An unidentified group of German prisoners. Frédéric Duriez /

By Rebecca Drew

INCREDIBLE colourised pictures have brought to life the Germans who fought and were captured in WW1.


Palais des Princes-Évêques de Liège 1914. Frédéric Duriez /

The stunning images show German soldiers who were captured by the Canadians walking through Hersin-Coupigny, France and captured prisoners sitting on the ground near Villers-Bretonneux in July 1916.

One image shows German soldiers standing over Belgian civilians fixing a road whilst another shows them inspecting a Fokker Dr.I in readiness for take-off.


German soldiers supervising Belgian civilians repairing a road, Belgium 1916. Frédéric Duriez / BDIC /

The expertly colourised shots were brought to life by French bank technician, Frédéric Duriez (51).

“The Germans, though better prepared and better equipped at the beginning of the conflict, suffered as much from the war as the Allies,” said Frédéric.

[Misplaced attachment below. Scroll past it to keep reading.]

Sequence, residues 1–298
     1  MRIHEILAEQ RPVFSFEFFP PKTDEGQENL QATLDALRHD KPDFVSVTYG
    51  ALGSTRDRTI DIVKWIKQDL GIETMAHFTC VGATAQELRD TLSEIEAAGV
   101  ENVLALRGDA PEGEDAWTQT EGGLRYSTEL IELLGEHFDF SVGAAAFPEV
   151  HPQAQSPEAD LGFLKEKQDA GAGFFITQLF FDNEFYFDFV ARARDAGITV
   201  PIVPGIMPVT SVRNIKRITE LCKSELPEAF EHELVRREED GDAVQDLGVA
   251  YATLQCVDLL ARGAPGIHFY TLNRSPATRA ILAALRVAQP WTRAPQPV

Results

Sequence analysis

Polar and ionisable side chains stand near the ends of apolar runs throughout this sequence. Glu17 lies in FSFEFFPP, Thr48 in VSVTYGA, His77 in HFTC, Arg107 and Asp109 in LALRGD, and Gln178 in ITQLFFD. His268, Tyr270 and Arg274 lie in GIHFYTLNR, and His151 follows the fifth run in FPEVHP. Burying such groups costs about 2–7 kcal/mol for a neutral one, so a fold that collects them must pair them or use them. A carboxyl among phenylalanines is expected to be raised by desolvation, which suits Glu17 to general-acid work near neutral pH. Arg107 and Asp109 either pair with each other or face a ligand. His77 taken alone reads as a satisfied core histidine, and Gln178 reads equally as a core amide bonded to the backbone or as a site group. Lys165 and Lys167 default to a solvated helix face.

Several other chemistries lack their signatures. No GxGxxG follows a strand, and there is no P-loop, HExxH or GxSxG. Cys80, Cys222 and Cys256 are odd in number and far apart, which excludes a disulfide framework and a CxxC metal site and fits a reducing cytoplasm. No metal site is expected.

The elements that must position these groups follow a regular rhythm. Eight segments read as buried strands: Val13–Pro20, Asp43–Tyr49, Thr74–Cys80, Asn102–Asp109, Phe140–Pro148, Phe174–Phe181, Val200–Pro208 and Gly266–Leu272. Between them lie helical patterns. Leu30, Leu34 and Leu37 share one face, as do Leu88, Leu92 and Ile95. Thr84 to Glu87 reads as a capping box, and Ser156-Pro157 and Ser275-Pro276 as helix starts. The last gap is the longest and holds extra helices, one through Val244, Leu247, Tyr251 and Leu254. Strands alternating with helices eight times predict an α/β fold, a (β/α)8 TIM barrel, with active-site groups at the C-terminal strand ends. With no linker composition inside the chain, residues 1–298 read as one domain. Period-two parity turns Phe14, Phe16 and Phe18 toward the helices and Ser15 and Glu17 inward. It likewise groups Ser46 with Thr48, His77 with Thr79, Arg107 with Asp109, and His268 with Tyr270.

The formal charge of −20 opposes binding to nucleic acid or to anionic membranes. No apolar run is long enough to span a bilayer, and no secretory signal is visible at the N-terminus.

Unknown. Frédéric Duriez / BDIC /

“The photographs represent most of the prisoners, most people can read on their faces the suffering expression and the deliverance.

“But also, one can see from time to time gestures of mutual aid and compassion between national enemies because, in fact, they all lived through the same sufferings.”


German prisoners captured during the offensive of July 1916, Near Villers- Bretonneux (Somme). Frédéric Duriez / BDIC /

The total number of casualties in WW1 was more that 38-million. In 1914, Germany was recognised as having the world’s most efficient army. At the end of WW1, the German Army had suffered an estimated five-million casualties.

“The Germans were better suited to modern warfare but despite this advantage Germany would lose more than two million soldiers during the conflict,” added Frédéric.


Bringing wounded down a slope, advance East of Arras, October, 1918. Frédéric Duriez / Canada. Dept. of National Defence/ Library and Archives Canada /

“I get good reactions from people and I am surprised at this, many tell me that they are impressed by the colours I use and that it highlights the characters.”